A spring love-fest, everywhere you look


Spring has sprung in the North Georgia Mountains. Hillsides and meadows turned brown are coming back green and luscious. The rains of winter have been good for the soil and everything growing beneath. Tender shoots and sprouts push through layers of dead leaves. Bright daffodils like golden stars dot the landscape. Redbuds and dogwoods are blooming showpieces competing with crabapple and cherry trees. Pink and white and red—the colors of Valentine’s Day—everywhere you look it’s one big love fest.

As buzzing bees dip into sweet nectar, snakes intertwine in the wood pile and noisy frogs leap and court in the muddy pond, the humans begin their own rites of spring.

They pull themselves out of hibernation, shedding thick sweaters, hats and gloves to expose pale skin to the bright sun, showing off gym-toned bodies – the result of resolutions yet unbroken. They admire the “busy-ness” of the season, whether breathing deeply in the fresh air or sneezing at the fishy scent of the blooming Bradford pear, there’s no denying the hopeful promise of spring.

Even the word, spring, calls one to action.

Many humans, like their animal counterparts, seek one thing this time of the year—a suitable mate. For some, the pink, white and red of the previous month along with chocolate, wine and jewelry has set the stage for courtship. For others, they’ve spent hours downloading apps, penning bios, posting selfies and swiping right hoping for their match.

Whatever the case, they (these mate-seeking humans) will arrive in our towns in expensive convertibles ill-suited for crush-and-run roads or in pristine, lifted Jeeps with monogrammed stickers centered perfectly on the rear window. They’ll be sipping Starbucks and blaring rap music and when they step out in their heavy flannel shirts and shiny new cowboy boots for their date in a quaint country town, you’ll smell city on them, and it will be almost as fishy as the Bradford pear tree in your front yard.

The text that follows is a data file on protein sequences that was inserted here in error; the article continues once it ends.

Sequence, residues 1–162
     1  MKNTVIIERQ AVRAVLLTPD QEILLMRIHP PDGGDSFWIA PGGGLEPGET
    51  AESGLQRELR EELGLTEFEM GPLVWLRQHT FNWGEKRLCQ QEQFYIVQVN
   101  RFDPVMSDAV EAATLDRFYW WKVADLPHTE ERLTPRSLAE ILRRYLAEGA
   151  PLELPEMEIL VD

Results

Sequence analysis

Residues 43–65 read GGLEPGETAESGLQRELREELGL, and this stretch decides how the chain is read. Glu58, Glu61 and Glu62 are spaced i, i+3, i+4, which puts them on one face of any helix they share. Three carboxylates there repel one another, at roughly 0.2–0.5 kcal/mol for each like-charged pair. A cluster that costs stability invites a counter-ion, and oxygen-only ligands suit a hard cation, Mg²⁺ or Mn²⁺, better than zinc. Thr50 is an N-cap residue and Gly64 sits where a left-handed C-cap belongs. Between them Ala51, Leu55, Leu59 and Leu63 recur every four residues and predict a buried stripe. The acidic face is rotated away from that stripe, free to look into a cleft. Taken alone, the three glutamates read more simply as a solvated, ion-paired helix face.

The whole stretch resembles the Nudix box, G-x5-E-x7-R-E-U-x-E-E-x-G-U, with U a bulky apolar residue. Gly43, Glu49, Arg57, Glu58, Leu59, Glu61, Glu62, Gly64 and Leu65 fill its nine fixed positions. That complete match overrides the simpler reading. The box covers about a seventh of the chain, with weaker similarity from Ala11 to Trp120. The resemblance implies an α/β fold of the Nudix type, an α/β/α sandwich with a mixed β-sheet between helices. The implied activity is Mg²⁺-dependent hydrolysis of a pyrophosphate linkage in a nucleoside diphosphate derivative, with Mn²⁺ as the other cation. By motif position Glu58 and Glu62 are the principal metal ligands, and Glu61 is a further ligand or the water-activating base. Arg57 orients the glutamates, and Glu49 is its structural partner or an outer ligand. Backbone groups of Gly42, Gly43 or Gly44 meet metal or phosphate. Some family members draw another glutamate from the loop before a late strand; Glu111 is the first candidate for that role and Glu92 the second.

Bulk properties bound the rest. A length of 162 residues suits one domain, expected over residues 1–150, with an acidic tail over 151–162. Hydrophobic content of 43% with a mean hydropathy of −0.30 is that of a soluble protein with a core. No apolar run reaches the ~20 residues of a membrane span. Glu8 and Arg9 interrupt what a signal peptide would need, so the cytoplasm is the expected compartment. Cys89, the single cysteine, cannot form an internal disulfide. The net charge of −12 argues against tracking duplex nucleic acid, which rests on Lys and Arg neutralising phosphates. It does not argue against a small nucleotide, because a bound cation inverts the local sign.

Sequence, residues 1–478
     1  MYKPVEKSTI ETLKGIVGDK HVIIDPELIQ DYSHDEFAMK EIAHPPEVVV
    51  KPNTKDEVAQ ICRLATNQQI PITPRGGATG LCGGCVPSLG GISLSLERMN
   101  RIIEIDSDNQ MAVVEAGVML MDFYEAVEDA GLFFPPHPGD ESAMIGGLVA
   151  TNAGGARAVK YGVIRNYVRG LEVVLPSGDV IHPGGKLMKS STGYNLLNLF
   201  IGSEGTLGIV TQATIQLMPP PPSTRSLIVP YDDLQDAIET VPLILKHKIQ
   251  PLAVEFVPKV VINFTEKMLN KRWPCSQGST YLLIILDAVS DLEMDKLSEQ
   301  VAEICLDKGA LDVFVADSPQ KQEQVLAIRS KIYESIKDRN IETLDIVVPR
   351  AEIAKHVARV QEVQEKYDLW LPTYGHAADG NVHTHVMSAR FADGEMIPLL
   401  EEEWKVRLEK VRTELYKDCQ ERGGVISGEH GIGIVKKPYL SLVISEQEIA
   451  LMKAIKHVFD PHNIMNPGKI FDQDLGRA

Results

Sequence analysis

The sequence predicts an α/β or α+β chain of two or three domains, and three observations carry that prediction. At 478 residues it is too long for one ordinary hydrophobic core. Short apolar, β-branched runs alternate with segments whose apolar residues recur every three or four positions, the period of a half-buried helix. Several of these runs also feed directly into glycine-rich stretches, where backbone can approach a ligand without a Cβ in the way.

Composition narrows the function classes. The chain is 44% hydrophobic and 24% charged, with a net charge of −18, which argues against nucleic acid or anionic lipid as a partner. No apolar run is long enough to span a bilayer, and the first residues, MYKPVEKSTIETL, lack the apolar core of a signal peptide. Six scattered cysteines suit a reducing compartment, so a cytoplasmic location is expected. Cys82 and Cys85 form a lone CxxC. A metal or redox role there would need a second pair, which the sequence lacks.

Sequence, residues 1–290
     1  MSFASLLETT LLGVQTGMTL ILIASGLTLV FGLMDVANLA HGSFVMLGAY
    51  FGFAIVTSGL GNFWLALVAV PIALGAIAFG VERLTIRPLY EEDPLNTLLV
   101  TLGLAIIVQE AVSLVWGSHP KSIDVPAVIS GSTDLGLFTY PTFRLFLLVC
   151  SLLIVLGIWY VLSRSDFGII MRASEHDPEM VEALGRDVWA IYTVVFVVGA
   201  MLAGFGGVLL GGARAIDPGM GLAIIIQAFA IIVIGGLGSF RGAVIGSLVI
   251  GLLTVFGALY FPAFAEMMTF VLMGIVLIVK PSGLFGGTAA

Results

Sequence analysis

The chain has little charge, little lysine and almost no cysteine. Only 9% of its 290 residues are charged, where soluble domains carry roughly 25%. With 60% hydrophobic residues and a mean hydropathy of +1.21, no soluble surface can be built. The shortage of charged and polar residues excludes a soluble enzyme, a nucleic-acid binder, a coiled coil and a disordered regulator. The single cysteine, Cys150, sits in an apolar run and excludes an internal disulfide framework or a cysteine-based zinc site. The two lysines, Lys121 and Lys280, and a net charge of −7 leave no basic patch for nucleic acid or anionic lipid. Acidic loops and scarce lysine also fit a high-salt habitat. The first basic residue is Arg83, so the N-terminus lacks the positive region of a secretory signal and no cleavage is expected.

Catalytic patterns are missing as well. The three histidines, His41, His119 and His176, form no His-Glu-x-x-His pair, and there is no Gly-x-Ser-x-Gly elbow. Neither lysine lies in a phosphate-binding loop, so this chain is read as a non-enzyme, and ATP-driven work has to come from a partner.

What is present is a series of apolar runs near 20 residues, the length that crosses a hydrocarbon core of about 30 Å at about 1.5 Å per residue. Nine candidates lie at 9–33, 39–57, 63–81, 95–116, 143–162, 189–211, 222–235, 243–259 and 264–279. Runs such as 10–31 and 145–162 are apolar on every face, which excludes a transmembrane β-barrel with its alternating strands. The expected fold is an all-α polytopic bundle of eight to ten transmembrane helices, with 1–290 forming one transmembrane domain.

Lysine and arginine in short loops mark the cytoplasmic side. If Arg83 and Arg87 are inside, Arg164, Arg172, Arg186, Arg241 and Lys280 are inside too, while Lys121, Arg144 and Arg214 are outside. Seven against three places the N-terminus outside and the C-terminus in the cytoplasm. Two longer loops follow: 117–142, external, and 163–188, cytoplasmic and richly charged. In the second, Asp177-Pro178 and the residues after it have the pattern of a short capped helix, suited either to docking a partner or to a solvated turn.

Unlike the bird returning to the meadow of his youth to seek his mate, these courting humans come to a place they’ve only read about or seen posted on a popular influencer’s Instagram. Attempting to impress his potential mate with fancy cocktails and an expensive meal, the male is easy to spot in this stage of courtship, his blushing cheeks bearing a similar hue to that of a mating flamingo.

After alighting on the perfect seat in the perfect establishment, his companion, the loud, colorful female will preen, flipping her hair, tapping her nails and bowing her head over a tiny screen. She is hard to read and will keep the male guessing for hours, possibly days. His eagerness to claim her as his mate cannot be more clear and yet she holds all the power in the relationship.

These mating humans don’t have the advantages of the lower classes of the animal kingdom. They are not equipped with the poison dart of the garden snail nor are they able (or willing) to devour the head of their mate like the praying mantis. (Leaving nothing to chance.) Instead, they will chat and text, they will dine and dance, they will play and sometimes argue. They will enter a lengthy courtship whose rules are everchanging without any certainty of consummating the relationship or birthing offspring. Because it’s in their nature. This is the season of new beginnings. Of chances and possibilities.

It’s springtime. Everywhere you look, it’s one big love-fest.